N2 - Purpose Our previous study demonstrated breast-conserving surgery with radiation therapy (BCT) to be at least equivalent to mastectomy in T1-2N0-1 breast cancer. Yet, 10-year survival rates after BCT and mastectomy with radiation therapy (MAST) in T1-2N2 breast cancer specifically have not been examined. Our study aimed to determine 10-year overall (OS), relative (RS), and distant metastasis-free survival (DMFS) in T1-2N2 breast cancer after BCT and MAST, stratified for T category. Methods All women diagnosed with primary invasive T1-2N2 breast cancer in 2000–2004, treated with BCT or MAST, both with axillary dissection and RT, were selected from the Netherlands Cancer Registry. Ten-year OS and DMFS were estimated using multivariable Cox regression. Excess mortality ratios (EMR) were calculated to estimate RS, using life tables of the general population. OS and RS were determined on the whole cohort, and DMFS on the 2003 cohort with completed follow-up. Missing data were imputed. Results Of 3071 patients, 1055 (34.4 %) received BCT and 2016 (65.7 %) MAST. BCT and MAST showed equal 10-year OS and RS. After stratification, BCT was significantly associated with improved 10-year OS [HRadjusted 0.82 (95 % CI 0.71–0.96)] and RS (EMRadjusted 0.81 (95 % CI 0.67–0.97]) in T2N2, but not in T1N2. Ten-year DMFS was equal for both treatments [HRadjusted 0.87 (95 % CI 0.64–1.18)] in the 2003 cohort (n = 594), which was representative for the full cohort. Conclusion BCT showed at least equal 10-year OS, RS, and DMFS compared to MAST. These results confirm that BCT is a good treatment option in T1-2N2 breast cancer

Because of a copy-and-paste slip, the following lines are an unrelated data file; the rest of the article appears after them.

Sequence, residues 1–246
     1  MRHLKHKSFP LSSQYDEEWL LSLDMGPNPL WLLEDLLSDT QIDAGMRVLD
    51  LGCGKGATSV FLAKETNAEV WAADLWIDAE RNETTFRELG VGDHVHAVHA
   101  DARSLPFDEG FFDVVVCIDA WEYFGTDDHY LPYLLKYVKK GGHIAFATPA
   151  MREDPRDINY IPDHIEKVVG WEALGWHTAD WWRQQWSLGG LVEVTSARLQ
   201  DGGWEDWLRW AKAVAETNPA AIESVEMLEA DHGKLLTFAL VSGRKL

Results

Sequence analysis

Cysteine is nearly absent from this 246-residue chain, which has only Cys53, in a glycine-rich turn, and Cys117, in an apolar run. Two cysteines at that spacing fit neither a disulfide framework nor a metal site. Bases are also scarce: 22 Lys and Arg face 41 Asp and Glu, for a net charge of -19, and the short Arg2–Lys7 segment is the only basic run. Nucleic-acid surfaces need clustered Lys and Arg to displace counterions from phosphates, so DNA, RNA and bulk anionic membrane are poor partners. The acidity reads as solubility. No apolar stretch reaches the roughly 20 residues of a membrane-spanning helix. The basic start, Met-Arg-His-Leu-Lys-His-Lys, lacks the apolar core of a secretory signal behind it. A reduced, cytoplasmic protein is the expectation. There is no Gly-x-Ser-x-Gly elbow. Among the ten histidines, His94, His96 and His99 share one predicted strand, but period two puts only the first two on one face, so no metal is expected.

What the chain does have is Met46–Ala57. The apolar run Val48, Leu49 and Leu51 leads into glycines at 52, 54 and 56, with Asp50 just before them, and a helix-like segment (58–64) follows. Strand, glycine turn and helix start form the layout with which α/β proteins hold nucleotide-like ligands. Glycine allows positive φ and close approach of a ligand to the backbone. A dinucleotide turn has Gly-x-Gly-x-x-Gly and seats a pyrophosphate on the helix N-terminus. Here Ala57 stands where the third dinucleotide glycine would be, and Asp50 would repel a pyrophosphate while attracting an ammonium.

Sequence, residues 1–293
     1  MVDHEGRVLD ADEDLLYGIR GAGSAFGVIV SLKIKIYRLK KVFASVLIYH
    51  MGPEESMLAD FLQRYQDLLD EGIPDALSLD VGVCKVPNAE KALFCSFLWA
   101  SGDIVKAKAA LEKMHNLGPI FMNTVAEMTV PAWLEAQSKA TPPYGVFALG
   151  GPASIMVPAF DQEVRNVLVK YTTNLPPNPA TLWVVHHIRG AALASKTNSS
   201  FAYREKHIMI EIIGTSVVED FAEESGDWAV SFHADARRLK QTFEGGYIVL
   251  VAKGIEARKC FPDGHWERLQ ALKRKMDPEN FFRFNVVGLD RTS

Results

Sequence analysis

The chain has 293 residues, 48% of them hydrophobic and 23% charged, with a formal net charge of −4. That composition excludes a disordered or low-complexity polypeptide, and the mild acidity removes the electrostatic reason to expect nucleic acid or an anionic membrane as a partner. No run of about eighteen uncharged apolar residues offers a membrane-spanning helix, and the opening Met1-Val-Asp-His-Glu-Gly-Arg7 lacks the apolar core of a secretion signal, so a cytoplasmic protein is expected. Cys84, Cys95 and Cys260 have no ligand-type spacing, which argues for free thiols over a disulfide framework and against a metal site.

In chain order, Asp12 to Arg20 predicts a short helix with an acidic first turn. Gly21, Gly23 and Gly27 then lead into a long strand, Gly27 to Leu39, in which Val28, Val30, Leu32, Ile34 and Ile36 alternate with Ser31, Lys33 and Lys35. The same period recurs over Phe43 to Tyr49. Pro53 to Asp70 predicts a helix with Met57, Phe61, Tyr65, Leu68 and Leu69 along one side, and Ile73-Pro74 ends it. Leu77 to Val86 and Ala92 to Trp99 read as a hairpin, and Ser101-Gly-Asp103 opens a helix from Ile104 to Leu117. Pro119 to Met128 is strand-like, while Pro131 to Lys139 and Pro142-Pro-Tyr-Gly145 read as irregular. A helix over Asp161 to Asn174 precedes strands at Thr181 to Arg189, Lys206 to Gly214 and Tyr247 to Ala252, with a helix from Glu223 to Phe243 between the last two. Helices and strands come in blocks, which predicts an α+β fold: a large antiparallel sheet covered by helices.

AB - Purpose Our previous study demonstrated breast-conserving surgery with radiation therapy (BCT) to be at least equivalent to mastectomy in T1-2N0-1 breast cancer. Yet, 10-year survival rates after BCT and mastectomy with radiation therapy (MAST) in T1-2N2 breast cancer specifically have not been examined. Our study aimed to determine 10-year overall (OS), relative (RS), and distant metastasis-free survival (DMFS) in T1-2N2 breast cancer after BCT and MAST, stratified for T category. Methods All women diagnosed with primary invasive T1-2N2 breast cancer in 2000–2004, treated with BCT or MAST, both with axillary dissection and RT, were selected from the Netherlands Cancer Registry. Ten-year OS and DMFS were estimated using multivariable Cox regression. Excess mortality ratios (EMR) were calculated to estimate RS, using life tables of the general population. OS and RS were determined on the whole cohort, and DMFS on the 2003 cohort with completed follow-up. Missing data were imputed. Results Of 3071 patients, 1055 (34.4 %) received BCT and 2016 (65.7 %) MAST. BCT and MAST showed equal 10-year OS and RS. After stratification, BCT was significantly associated with improved 10-year OS [HRadjusted 0.82 (95 % CI 0.71–0.96)] and RS (EMRadjusted 0.81 (95 % CI 0.67–0.97]) in T2N2, but not in T1N2. Ten-year DMFS was equal for both treatments [HRadjusted 0.87 (95 % CI 0.64–1.18)] in the 2003 cohort (n = 594), which was representative for the full cohort. Conclusion BCT showed at least equal 10-year OS, RS, and DMFS compared to MAST. These results confirm that BCT is a good treatment option in T1-2N2 breast cancer

KW - METIS-318206

KW - IR-101700

U2 - 10.1007/s10549-016-4012-8

DO - 10.1007/s10549-016-4012-8

M3 - Article

VL - 160

SP - 511

EP - 521

JO - Breast cancer research and treatment

JF - Breast cancer research and treatment

SN - 0167-6806

IS - 3

ER -